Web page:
It is no surprise, then, that music refers to sex in the same way. What all of those popular rap and rock songs have in common is the selfish attitude they present about relationships; they each involve using a guy or girl to satisfy a personal, sexual desire. Each person is thinking of himself before others. And it is here that we have been tricked. Society tells us we can always have what we want, and specifically, the music tells us we can always have what we want in relationships. But we soon discover that this does not work!
There is no problem if the guy and girl both want to have sex; they can both get what they want. But real life is rarely as simple. What happens later if the girl wants the guy to listen to her talk about all of her problems while the guy wants to take a nap? They cannot both get what they want, but the culture of self tells each of them that they should. Sooner or later, someone will get dumped, and they will both look for another person to satisfy their needs and desires, because they think that’s what relationships are all about.
Relationships are more about satisfying someone else’s needs and desires. When this occurs, there is less conflict. The guy is OK with not getting what he wants every single time because he is more concerned about what the girl wants, and vice versa. The wonderful paradox is that when each of them deny their own needs, they each have their needs met. This is called “love.” Unfortunately, this message is lost in today’s culture. There is a grand total of two love songs in the platinum list (and even one of those, Cascada’s “Every Time We Touch,” is focused on the physical pleasures that come with love). Sex is a part of love, but love involves much more than sex. Too often sex occurs only in a selfish context that has nothing to do with love. Yet today’s popular music consistently tells us that relationships are only about getting what we want.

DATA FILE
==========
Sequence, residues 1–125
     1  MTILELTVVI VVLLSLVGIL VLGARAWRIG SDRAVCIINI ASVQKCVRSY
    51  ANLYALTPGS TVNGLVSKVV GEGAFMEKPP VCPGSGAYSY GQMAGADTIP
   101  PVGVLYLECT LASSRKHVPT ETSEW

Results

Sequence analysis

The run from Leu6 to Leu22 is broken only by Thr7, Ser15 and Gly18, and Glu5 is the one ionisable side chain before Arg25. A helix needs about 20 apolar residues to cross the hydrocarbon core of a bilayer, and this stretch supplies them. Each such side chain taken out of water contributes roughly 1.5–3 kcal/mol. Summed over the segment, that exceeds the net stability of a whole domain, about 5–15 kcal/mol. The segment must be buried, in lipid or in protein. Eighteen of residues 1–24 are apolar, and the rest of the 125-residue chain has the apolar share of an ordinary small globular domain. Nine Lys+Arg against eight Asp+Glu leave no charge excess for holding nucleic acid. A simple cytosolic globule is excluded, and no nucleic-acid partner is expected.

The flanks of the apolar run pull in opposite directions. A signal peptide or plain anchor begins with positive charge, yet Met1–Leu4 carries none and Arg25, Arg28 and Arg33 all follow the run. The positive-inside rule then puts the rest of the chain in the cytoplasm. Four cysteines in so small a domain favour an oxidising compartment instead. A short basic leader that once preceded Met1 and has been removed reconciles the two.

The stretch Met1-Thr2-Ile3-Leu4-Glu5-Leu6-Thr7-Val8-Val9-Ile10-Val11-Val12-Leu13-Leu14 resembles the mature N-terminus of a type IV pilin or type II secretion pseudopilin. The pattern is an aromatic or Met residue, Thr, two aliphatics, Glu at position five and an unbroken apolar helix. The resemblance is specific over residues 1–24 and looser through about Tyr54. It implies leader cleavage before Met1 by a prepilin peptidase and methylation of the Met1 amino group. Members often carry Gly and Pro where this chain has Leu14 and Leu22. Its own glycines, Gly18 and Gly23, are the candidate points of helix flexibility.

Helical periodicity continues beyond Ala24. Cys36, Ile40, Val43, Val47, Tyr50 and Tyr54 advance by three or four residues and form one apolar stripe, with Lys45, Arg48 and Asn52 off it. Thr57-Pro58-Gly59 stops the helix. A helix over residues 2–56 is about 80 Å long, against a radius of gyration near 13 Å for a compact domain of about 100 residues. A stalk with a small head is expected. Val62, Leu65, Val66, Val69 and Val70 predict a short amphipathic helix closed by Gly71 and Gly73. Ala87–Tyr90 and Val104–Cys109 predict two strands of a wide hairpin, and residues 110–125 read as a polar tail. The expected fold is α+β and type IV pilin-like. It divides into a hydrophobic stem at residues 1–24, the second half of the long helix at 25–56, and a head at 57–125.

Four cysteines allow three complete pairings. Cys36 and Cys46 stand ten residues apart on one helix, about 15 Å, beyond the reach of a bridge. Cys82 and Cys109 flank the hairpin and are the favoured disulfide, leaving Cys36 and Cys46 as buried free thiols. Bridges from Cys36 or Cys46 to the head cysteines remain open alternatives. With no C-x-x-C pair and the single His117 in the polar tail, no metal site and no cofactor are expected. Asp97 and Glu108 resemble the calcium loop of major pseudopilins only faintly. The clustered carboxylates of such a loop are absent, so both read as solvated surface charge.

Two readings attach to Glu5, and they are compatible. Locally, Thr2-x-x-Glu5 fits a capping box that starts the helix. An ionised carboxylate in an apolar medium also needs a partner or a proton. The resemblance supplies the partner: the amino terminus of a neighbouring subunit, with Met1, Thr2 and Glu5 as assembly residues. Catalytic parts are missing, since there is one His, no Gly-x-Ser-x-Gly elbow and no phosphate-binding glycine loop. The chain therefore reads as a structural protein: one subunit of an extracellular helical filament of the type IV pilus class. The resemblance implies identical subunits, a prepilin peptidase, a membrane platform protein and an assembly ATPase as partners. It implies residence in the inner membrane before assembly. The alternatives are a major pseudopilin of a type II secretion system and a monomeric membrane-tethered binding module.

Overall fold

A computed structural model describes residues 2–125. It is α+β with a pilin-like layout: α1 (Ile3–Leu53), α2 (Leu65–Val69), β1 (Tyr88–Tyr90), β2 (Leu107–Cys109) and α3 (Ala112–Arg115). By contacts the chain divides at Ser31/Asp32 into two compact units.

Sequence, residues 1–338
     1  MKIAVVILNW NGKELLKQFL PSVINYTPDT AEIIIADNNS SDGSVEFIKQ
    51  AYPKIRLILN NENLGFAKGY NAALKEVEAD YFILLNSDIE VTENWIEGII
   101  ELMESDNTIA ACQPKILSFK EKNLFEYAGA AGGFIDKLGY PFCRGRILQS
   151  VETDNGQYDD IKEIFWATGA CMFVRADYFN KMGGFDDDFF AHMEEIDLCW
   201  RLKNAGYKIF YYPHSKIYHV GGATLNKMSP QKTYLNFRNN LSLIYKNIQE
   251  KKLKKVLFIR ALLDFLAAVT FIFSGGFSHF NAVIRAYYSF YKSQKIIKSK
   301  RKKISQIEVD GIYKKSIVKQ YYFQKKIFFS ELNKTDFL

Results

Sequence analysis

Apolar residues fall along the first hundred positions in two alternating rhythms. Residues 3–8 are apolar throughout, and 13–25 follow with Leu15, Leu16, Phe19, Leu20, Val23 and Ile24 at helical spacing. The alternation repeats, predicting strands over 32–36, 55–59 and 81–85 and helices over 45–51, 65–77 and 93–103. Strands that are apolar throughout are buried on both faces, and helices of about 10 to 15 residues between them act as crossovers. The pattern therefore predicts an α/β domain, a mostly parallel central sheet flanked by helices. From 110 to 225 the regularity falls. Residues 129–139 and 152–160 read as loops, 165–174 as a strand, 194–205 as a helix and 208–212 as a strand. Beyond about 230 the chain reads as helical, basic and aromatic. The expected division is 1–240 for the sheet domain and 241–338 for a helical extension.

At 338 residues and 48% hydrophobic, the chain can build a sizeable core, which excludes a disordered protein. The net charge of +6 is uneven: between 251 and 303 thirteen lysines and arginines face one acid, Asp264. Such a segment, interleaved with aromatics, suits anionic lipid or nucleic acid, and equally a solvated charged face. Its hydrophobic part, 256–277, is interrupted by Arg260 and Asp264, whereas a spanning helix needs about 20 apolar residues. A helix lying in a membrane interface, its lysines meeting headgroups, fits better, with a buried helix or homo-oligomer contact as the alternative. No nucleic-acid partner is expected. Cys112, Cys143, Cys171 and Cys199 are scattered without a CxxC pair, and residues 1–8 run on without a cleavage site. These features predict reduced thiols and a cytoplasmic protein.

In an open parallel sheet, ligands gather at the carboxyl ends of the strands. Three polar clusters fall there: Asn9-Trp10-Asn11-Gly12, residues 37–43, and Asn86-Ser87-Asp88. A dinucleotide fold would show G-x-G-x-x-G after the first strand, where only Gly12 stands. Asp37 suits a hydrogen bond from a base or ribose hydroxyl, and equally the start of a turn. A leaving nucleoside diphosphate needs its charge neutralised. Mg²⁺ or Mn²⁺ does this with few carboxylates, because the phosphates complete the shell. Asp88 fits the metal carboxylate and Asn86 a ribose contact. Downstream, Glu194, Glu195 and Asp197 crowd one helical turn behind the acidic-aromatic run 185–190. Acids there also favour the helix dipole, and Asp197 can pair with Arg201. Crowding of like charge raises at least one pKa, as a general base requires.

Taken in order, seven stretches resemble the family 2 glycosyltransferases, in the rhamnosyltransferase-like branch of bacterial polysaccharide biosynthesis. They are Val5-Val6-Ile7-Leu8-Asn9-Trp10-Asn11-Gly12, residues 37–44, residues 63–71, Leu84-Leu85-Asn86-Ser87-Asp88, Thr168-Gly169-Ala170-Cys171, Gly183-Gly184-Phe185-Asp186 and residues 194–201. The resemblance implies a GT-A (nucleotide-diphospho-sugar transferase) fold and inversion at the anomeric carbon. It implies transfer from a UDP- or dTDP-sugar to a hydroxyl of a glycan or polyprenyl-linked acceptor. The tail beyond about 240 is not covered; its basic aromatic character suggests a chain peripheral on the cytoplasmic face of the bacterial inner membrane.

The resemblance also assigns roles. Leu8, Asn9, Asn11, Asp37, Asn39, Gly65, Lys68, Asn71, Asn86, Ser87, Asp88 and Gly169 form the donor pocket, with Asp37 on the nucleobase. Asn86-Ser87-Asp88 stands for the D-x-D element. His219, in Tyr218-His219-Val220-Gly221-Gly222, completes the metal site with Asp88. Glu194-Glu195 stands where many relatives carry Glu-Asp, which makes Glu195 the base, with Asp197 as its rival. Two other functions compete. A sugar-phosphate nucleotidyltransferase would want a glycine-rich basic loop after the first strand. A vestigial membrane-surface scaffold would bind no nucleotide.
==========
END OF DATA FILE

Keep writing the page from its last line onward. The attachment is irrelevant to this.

In fairness, all musicians do not promote the culture of self. Some even recognize it and fight it. Two years after Salt ‘n’ Pepa said, “Let’s talk about sex,” Newsboys responded, “Let’s talk about real love / truth and consequences / and coming to our senses / and lies we’d best unlearn.” Emery admits, “How quickly lust can pretend it’s love.” Switchfoot says that sex is “easier than love.” But these bands are in the minority; they are few and far between. Most of the artists with high album sales and chart-topping songs consistently reject self-denial and sing about satisfying personal desires.
Our parents heard the Beatles say, “I want to hold your hand.” We hear Taking Back Sunday say, “I want to break you down so badly.” As American culture continues to embrace selfishness and personal satisfaction above all else, it is reflected in its popular music, which does little or nothing to teach teenagers about genuine love and respect.